Will Smith, Pedro Almodovar open testy Cannes Film Festival

Candice Alexander
May 19, 2017

A row over Netflix, which has hailed Cannes's acceptance of two of its movies as proof of its new status as a major industry player, dominated the run-up to the festival.

On Tuesday, France's National Federation of Films Distributors said the Netflix films at Cannes were "endangering a whole ecosystem". Festival organisers tried to negotiate a compromise, with a "limited release" of the movies in France mooted.

French theaters, which have strict rules regarding streaming service films, rebelled at the thought of a movie that won't play on the big screen winning the Palme d'Or - the biggest award in film next to an Oscar, and to some, even more important.

The films will vie for the coveted Palme d'Or, which was past year won by British director and Cannes stalwart Ken Loach for his searing benefits drama I, Daniel Blake. The United States also has a strong presence with four films, while the remaining three come from the Far East, including two from South Korea ("Okja" by Bong Joon-ho and "The Day After" by Hong Sang-soo) and one from Japan ("Radiance" by Naomi Kawase, who is competing for the fifth time at Cannes). The actor once again returns to the French Riviera this year and this time around it is for his film Manto.

Netflix's movie "Okja" about a mysterious giant beast, starring Tilda Swinton and Jake Gyllenhaal, is nonetheless among the most talked-about at Cannes, with Sofia Coppola's American Civil War thriller "The Beguiled" featuring Colin Farrell alongside Kidman.

There are 12 female-directed films in this year's 54-strong official selection, including three in competition.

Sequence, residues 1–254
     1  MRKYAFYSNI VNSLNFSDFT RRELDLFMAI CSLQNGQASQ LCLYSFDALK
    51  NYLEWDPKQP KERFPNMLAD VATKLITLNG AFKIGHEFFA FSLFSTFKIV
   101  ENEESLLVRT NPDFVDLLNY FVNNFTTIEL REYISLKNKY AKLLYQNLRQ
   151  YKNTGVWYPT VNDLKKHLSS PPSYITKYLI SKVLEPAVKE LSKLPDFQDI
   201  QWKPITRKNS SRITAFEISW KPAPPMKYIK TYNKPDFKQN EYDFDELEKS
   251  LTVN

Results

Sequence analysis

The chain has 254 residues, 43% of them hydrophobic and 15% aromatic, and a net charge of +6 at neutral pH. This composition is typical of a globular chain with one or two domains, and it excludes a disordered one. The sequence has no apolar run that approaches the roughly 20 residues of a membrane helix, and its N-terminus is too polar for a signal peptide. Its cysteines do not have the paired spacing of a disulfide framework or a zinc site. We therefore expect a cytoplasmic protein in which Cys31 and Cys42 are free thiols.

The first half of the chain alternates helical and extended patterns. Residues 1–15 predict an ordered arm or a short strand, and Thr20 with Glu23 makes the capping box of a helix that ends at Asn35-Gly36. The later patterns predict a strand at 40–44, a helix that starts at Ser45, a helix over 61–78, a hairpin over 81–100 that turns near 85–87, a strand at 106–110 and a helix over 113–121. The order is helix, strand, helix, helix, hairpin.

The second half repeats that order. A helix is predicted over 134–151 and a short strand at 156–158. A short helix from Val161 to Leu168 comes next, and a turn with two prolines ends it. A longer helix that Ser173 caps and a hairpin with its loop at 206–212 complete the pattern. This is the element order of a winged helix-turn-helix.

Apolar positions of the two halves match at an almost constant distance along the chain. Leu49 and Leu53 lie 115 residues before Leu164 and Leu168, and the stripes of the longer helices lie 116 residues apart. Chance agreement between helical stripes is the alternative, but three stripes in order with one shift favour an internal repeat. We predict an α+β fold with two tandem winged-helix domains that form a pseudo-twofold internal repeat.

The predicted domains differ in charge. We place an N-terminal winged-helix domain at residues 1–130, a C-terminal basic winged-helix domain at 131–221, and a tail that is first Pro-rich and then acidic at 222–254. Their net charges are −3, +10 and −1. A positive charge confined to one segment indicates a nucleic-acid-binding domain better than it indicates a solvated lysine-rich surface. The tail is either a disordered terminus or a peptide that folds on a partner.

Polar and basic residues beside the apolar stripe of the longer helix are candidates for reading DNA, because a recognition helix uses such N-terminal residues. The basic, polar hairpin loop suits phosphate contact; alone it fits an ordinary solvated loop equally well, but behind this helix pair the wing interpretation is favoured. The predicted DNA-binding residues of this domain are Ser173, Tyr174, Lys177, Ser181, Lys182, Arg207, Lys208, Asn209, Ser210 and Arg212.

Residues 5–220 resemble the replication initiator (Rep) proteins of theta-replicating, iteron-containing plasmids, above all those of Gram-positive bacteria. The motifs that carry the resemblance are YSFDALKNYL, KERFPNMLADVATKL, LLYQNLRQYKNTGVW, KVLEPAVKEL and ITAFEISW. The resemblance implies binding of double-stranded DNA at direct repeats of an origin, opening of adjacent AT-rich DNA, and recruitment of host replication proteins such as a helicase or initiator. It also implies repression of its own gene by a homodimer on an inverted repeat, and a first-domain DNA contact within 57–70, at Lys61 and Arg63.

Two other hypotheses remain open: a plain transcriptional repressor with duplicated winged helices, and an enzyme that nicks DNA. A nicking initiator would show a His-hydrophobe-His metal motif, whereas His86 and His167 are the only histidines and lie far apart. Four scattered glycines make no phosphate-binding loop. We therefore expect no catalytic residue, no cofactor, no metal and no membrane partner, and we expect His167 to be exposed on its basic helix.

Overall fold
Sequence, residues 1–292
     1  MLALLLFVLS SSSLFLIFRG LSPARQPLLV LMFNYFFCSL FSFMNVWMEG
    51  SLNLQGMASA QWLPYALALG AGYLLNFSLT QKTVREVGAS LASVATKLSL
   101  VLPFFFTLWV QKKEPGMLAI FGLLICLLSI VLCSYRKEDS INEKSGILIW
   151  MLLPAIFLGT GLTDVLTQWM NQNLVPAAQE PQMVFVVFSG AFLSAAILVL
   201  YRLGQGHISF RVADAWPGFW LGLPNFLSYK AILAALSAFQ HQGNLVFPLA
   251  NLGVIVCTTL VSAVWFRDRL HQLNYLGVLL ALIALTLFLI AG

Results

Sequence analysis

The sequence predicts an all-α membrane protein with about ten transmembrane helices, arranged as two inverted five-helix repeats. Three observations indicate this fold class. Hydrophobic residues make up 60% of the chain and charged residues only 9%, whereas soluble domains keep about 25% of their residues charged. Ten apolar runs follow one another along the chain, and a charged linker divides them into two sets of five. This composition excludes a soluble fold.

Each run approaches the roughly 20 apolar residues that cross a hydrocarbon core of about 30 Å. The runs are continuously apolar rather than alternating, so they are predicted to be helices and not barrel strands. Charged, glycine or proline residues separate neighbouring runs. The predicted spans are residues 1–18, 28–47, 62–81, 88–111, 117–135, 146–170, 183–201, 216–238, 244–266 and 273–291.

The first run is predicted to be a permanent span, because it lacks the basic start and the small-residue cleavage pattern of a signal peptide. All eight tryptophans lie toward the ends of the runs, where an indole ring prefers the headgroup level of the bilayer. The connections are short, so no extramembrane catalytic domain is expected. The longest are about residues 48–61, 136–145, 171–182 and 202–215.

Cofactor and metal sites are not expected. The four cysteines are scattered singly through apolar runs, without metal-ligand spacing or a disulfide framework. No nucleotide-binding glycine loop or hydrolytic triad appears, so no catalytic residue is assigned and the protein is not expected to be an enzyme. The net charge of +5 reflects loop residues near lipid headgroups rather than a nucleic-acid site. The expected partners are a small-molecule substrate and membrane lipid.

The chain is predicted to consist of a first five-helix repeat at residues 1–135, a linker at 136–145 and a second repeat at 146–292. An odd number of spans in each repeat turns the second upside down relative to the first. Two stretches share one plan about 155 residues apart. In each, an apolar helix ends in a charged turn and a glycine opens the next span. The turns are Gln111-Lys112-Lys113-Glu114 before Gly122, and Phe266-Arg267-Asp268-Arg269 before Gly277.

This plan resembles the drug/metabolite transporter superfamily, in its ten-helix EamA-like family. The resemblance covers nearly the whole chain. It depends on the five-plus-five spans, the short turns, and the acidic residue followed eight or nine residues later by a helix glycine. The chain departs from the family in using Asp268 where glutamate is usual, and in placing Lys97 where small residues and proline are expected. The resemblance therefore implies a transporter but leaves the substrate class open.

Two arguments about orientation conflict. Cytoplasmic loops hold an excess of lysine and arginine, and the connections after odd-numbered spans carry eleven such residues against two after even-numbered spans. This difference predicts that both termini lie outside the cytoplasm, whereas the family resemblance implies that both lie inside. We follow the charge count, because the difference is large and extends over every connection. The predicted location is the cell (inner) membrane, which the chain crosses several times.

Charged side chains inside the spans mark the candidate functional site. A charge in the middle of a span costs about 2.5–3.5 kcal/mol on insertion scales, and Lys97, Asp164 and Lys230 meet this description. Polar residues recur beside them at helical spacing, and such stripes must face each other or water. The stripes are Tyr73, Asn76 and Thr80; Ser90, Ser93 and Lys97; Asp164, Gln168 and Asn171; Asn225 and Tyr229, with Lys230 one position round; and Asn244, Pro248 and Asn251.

Netflix has not responded to requests for comment but CEO Reed Hastings said on his Facebook page: "The establishment closing ranks against us".

The Cannes Film Festival has never had a juror quite like Will Smith, who strode into the Palais to roars of applause that brought to mind the premiere of one of his action movies (think "MIB in Paris").

"They go to the movie theater to be humbled in front of certain images and there's other films that they prefer to watch at home and there's really little to no cross".

Ted Sarandos, director of content for Netflix, said cinemas needed to adapt and that the festival should stick to "celebrating the arts", regardless of platforms.

"So they have to find a French exhibitor willing to do a day-and-date vanity release or bow out of future Competition involvement?" asked Charlie Lyne, the director of the documentaries Being Clueless and Fear Itself. "So we need to pay attention", festival director Thierry Fremaux said in an interview. And there's other films that they prefer to watch at home.

The Cannes Film Festival runs through May 28, when the Palme d'Or victor and other awards will be announced.

Other reports by VgToday

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